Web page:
#AEROINTERN

I was an Aerospace intern. Two years later, I’m a full-time engineer.

She joined the space industry as a sophomore in college… little did she know where she’d go!

The Aerospace Corporation

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The Aerospace Corporation 2023 BEYA Conference attendees. Bernard Jefferson (center) and Niabelle Thelemaque (second from right) were there to celebrate Aerospace engineering awardees.

When Niabelle Thelemaque, then a sophomore at the University of Central Florida studying electrical engineering, attended the National Society of Black Engineers’ Conference in 2015 she had many expectations of what could happen. Starting her career in the space industry was not one of them.

The second day of the NSBE conference, she met someone who changed the course of her entire career.

“During that conference, I met my first manager in Aerospace’s Electronics and Sensors Division, Bernard Jefferson,” Thelemaque said. “I just struck up a conversation with him about my course studies and the type of work he does. It was really just a great conversation, and he encouraged me to apply for an internship. That’s kind of what kicked off my Aerospace employment.”

The Florida native took his advice and applied for an internship with Aerospace. To her surprise, she received an offer to intern the following summer in California.

“It wasn’t until my first summer internship with Aerospace that I realized that I could potentially have a career working in this area,” Thelemaque said.

After completing her first internship with Aerospace in 2015, her internship was extended twice more until her college graduation.

After spending three summers at Aerospace, Thelemaque received exciting news.

“I was offered a full-time position after I did my end-of-year report at the end of my internship,” Thelemaque said. “It’s where your manager fills out if they offered you a full-time position or if they want you back as an intern for next summer.”

Thelemaque enjoyed her time as an Aerospace intern and had lots of curiosity about the aerospace industry. But there was so much more that she wanted to explore and experience before settling down at one company.

Although the offer was exciting, Thelemaque took a different path. Instead of accepting the offer at Aerospace, she wanted to “get a different side of the industry.”

Thelemaque has had a chance to see all sides of the aerospace industry; however, Aerospace has always been the main character in her story.

She worked at another aerospace company for almost two years before returning to school to get her master’s degree at Columbia University. There, Thelemaque became a National GEM Consortium fellow.

The fellowship required her to complete internships while working towards her master’s. She returned to Aerospace as an intern for two more summers during the program.

NIabelle Thelemaque, Aerospace Communications Systems Engineer

After a second round of interning, Thelemaque realized Aerospace could quench her thirst for continued learning. Although she would be settling in one place, Aerospace surrounded her with people who would encourage her to continue evolving as an engineer. When another full-time offer was extended, she accepted it.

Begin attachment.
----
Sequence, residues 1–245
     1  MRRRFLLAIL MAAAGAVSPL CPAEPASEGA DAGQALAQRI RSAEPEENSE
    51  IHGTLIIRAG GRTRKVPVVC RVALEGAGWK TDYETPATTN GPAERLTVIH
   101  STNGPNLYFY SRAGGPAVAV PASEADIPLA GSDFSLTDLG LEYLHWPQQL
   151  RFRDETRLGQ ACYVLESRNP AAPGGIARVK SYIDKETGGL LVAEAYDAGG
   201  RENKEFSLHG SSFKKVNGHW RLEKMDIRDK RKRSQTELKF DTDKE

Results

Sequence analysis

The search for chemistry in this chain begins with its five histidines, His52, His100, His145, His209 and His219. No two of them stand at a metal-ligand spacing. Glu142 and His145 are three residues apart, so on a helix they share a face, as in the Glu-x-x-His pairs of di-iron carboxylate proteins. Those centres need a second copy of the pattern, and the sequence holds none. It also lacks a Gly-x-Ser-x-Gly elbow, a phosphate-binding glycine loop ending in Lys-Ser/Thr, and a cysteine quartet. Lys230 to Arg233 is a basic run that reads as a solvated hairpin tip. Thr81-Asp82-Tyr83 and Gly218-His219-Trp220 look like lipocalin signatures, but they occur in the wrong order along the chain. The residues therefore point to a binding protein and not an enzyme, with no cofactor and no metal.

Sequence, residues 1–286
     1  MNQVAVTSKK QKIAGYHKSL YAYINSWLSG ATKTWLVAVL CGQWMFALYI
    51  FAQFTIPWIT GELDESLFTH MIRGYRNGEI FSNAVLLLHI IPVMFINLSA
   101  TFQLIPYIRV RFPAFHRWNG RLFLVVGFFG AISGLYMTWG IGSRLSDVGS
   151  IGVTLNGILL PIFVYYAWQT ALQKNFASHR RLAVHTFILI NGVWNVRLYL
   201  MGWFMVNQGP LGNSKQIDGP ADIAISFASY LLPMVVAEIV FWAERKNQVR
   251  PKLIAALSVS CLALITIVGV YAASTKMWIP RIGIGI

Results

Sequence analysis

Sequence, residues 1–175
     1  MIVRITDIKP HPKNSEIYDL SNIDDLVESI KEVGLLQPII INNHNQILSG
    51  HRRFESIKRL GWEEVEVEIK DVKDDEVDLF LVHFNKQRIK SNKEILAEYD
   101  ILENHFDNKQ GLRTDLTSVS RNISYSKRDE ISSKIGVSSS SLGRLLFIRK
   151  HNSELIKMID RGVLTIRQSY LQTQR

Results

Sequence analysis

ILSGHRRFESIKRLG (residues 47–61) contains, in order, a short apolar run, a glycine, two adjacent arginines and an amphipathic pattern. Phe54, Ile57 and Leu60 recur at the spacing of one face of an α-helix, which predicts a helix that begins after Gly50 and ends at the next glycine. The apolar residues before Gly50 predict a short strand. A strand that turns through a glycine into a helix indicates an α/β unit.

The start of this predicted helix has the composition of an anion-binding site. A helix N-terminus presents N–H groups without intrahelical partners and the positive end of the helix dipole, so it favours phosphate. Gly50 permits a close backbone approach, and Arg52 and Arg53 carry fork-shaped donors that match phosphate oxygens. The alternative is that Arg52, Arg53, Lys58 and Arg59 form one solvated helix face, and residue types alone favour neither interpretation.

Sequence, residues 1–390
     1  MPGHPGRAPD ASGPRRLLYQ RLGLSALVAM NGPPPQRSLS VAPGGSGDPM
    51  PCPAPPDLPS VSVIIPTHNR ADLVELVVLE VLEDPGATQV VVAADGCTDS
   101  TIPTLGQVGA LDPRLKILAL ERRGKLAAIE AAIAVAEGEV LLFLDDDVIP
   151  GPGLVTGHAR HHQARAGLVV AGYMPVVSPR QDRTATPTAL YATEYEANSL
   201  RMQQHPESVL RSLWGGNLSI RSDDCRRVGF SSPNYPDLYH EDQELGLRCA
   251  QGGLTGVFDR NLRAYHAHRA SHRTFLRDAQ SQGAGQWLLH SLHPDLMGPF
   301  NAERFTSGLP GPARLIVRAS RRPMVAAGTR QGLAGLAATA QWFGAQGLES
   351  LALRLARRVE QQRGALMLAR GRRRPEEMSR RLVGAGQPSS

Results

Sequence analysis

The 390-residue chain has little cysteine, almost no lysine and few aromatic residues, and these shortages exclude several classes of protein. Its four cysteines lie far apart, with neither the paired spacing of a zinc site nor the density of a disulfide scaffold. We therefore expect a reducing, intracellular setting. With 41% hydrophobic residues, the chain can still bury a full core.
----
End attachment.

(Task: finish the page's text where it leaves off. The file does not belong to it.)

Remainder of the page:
Now, she has been a decorated communications systems engineer at Aerospace for two and a half years. Early this year, she was named a Modern Day Technology Leader at the 2023 Black Engineer of the Year Awards.

Thelemaque has had a chance to see all sides of the aerospace industry; however, Aerospace has always been the main character in her story.

“What sets Aerospace apart is really the people,” Thelemaque said. “Aerospace has a lot of talented and bright individuals. It’s really cool how we can tap into that and learn knowledge from individuals who have been in their careers for many years. I really like how Aerospace is kind of like a learning opportunity. There is an opportunity to go out and explore and learn as much as you can.”

Becoming an Aerospace employee was a full-circle moment for Thelemaque. She’s reconnected with many people she once interned alongside and is now a resource for interns new to the company.

Thelemaque’s story is far from being extraordinary at Aerospace. Several Aerospace employees are “conversions,” or interns who have chosen to begin their careers as regular employees.

For current interns who are interested in working full-time at Aerospace, Thelemaque encourages them to communicate their goals openly to their managers.

“I would say that if interns are really interested in working full time, it helps to have a discussion with their manager or director about possible opportunities,” Thelemaque said. “Whether that’s in the same department or other departments that they’re interested in. It doesn’t hurt to talk to different groups, because Aerospace does a variety of activities. You’ll find something that aligns with your interests. Don’t be afraid to reach out to find out a bit more information and start networking.”

About the Intern

Hi, I’m Brooke Bell! I’m the strategic communications intern at The Aerospace Corporation for Summer 2023. Outside of being an #aerointern, I’m also a senior mass communications major at Louisiana State University. Joining Aerospace has been a wild, exciting, and rewarding experience. I’m sharing all the details about applications and the internship experience this summer on Medium!

To learn more about the internship program and Aerospace, follow us on Instagram.

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